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Pregnant women 'take two months sick leave'

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Three out of four expectant mothers miss work for health reasons, a new report claims.

A study published in BJOG: An International Journal of Obstetrics and Gynaecology quizzed women over an 18-month period who were initially booked in to Norway’s Akershus University Hospital to give birth on how much time they had taken off from their jobs and why.

Almost 3,000 women answered the questions at week 17 and week 32 of their pregnancies. And the study found that just over 75% of pregnant women had needed to use some of their sick leave.

On average pregnant women took eight weeks off sick, and most needed between four and 16 weeks away from the workplace.

And as pregnancy became more advanced, more women found they needed to take time off for health reasons. Of the women who completed questionnaires, 63% had needed to call in sick by the time they were 32 weeks pregnant.

The researchers found more than a third of the women were missing work due to tiredness or problems sleeping. And 32% took sick leave as a result of mobility issues and pain caused by problems with the pelvis.

Almost a quarter of pregnant women had called in sick due to nausea or vomiting.

Co-author Dr Signe Dorheim, from the division of psychiatry at Norway’s Stavanger University Hospital, said the study had found that working conditions had a major impact on how much time off pregnant women needed.

Other contributing factors included the women’s medical history, the conditions they lived in and how wealthy they were.

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Readers' comments (1)

  • Morag Cunningham

    I was 31 when my son was born after a history of miscarriages.Im now the grand old age of 40 and Kyle is 9.Im happy with one child.
    At the time I was a Staff Nurse on an Orthogeriatric rehab ward. I did change jobs for a couple of years but returned to the ward at the start of this year
    Iwas treated extremely well by my Manager & colleagues. In part as they had seen the distress of my miscarriage history and our Manager at the time was a kindly and supportive Lady.
    However I stopped working at 31 weeks as I was had extreme oedema, protien in my urine and surprise surprise did develop pre- eclampsia.
    The trend that worries me is that lots of these young women are working for longer and longer into their pregnancies. Partly to get time off afterwards and partly for the money.
    I was fortune as my Husband was in a well paid job and we lived in Forces quarters at the time.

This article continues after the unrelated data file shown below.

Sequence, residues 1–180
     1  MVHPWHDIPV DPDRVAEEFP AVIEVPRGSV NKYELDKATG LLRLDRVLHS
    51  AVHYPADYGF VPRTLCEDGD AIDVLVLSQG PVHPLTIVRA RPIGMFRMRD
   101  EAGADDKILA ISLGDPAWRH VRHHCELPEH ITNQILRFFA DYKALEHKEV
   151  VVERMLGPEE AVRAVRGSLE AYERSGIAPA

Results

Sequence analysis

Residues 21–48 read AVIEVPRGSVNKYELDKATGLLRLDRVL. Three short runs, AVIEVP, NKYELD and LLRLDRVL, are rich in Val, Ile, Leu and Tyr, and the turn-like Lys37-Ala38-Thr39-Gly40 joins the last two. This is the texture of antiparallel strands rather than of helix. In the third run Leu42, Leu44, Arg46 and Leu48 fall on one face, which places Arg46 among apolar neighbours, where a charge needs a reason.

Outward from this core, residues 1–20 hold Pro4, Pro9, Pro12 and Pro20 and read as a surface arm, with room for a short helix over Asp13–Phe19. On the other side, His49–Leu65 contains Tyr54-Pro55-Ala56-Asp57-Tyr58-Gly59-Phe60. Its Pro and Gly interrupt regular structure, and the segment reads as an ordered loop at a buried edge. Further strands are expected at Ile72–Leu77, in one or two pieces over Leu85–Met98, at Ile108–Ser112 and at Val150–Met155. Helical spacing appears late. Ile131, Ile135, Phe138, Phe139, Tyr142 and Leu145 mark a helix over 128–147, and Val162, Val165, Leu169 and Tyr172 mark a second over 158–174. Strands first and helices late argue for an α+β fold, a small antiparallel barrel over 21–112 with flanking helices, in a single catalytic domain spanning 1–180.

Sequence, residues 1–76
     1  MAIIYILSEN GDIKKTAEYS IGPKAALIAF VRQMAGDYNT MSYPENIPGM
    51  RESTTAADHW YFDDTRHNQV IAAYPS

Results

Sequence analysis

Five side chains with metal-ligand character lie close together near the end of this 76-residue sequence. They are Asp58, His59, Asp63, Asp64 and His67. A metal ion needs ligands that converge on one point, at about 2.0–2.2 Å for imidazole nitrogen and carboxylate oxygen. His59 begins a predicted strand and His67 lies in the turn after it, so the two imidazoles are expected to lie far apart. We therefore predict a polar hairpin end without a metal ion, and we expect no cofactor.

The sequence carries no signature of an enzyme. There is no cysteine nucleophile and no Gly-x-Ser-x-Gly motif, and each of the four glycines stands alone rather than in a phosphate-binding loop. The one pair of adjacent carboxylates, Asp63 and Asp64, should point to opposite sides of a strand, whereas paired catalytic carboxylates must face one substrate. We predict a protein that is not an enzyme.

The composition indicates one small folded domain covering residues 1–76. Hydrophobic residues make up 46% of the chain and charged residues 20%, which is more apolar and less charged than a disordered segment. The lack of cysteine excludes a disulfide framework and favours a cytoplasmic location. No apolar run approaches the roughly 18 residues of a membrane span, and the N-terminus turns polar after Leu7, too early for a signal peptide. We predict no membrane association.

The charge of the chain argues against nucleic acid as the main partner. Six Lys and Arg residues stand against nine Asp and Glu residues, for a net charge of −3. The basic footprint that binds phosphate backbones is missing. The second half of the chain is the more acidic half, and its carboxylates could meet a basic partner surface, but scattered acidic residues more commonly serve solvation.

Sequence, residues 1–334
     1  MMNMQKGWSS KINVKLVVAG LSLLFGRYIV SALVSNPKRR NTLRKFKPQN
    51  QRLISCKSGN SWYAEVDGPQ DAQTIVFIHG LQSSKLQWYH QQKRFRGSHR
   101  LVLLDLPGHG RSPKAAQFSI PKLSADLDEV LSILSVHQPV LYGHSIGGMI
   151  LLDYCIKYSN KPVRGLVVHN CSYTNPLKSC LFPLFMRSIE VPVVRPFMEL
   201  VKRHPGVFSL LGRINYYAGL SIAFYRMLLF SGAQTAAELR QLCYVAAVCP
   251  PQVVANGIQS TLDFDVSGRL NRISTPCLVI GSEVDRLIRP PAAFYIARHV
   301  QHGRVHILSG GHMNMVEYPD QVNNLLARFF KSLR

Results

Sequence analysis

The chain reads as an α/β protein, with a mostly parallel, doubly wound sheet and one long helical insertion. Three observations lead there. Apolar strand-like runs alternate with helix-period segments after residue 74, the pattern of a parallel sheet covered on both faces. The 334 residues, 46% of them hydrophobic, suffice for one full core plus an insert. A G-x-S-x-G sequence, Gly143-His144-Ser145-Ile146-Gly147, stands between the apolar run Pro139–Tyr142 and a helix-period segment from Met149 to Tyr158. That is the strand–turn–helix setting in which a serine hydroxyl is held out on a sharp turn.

Two of our young Staff Nurses have recently had babies and tried to work upto about 34 weeks.
    They were mainly managed properly and I probarly fussed round them like a Mother Hen.
    Pregnancy is a demanding time physically and emotionally. Its ok for managers to say that people should be able to work as long as possible.Thats fine if you can realistically do lighter duties or perhaps have some time in a clinic area. Although clinic work in my experience has its busy moments too.
    Another thing that worries me is that some of these young women dont take any AL during the pregancy so give them more time off either before or after.Dont get me wrong I understand why .
    However nursing is a physically and emotionally demanding role and when you are pregnant even if you are feeling really well your tolerance is reduced.
    I remember I stopped doing nights at 20 weeks. This was verbally agreed with my Manager & I and noted on my risk assessment. Nowadays you have to get a Doctors note to say you cant manage nights.
    There are many ways Mnangers can help women manage their lives at this special time. Most women have little problems. I was just a bit unlucky. However Kyle arrived 2 weeks early,healthy & gorgeous at 8lbs 4 oz's and my health returned fairly quickly.
    The NHS does offer a better maternity package than many employers.
    However I believe Managers, Occupational Health and the Mums to be them selves need to look more realistically at how long women are working and not allow this practice of saving up all of their leave.
    Also with a bit of planning women can go on to lighter duties. Or reduce hours by adding in an AL day a week for a few weeks.
    These things are possible even in the busiest areas.

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